True he does have an evangelistic quality to the way he delivers, but the way I understand it, he only works with evidence and facts, and the bit I like is that he has been dealing with varroa, successfully, for quite a while and I like learning and trying what he has to offer

 

From the article, what does concern me is the massive monoculture scale of the crops. Does not take much of a weather hiccup to throw the whole environment out of whack, and all the bees, farmers or whoever who depend on nature. Thankfully, our little country has little likelihood of heading down that path with the diversity of landscapes that we are fortunate enough to have here. Still need to keep up border security up though. EFB would add a whole new complication we don't need

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but the way I understand it, he only works with evidence and facts, and the bit I like is that he has been dealing with varroa, successfully, for quite a while and I like learning and trying what he has to offer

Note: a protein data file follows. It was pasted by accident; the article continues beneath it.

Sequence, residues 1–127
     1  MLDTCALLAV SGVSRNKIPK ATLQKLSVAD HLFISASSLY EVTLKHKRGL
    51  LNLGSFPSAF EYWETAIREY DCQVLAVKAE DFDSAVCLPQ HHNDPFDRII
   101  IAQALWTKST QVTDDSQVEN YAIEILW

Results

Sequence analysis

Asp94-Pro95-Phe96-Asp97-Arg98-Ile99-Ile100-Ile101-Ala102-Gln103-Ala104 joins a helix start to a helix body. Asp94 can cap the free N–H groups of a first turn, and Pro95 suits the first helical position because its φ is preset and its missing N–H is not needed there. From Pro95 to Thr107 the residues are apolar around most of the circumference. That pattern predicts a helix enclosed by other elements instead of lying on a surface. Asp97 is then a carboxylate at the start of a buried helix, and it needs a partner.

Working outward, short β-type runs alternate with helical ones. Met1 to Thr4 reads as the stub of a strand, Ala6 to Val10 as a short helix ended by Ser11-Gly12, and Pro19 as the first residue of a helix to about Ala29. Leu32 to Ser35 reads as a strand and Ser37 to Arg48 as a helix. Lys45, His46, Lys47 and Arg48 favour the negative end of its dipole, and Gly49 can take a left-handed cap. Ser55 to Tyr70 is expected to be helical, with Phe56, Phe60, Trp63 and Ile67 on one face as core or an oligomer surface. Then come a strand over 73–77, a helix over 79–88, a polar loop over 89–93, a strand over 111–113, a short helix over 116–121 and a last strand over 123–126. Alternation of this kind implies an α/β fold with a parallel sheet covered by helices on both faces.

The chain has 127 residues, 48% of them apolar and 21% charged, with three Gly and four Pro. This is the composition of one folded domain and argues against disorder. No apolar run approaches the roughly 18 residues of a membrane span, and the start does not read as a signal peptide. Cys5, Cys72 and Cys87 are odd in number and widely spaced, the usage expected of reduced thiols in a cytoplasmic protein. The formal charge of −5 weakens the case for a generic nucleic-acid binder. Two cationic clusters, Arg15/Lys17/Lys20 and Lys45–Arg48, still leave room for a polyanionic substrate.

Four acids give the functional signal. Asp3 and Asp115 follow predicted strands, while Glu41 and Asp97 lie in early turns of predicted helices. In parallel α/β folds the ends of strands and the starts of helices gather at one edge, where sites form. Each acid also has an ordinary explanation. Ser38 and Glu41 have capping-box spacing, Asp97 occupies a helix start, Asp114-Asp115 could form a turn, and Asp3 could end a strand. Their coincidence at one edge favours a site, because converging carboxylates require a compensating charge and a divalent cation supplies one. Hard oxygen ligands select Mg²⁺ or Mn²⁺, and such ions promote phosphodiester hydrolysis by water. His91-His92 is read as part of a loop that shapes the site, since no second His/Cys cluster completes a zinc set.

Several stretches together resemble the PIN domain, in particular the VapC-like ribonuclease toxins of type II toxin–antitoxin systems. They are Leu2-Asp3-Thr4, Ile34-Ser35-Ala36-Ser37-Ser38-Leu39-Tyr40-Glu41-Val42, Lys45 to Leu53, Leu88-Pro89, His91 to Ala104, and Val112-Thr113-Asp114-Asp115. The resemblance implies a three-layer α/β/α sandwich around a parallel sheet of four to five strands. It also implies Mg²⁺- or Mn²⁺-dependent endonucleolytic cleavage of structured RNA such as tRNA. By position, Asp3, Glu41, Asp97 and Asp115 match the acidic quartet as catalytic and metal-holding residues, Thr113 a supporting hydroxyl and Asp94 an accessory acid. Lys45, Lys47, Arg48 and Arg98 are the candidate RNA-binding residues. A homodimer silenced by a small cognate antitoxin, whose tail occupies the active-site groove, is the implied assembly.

it's great that he inspires people to try new things. we need more people that inspire.

i'm sure there is a great deal of practical knowledge we can learn from him.

but hardly anything of this is new. you could get this know how from many beek that had to deal with varroa before apistan or/and after apistan resistance. but he sure knows his stuff!

 

but there is also something i really don't like about this guy and i find it strange so few pick up on that.

it's so easy to become an expert on mites - it's no rocket science.

 

have to disagree with you understanding, he only works with evidence and facts.

he says a lot like " i've been talking to such and such "

there is an huge amount of rhetoric in what he says, and why is he so strong on this political agenda?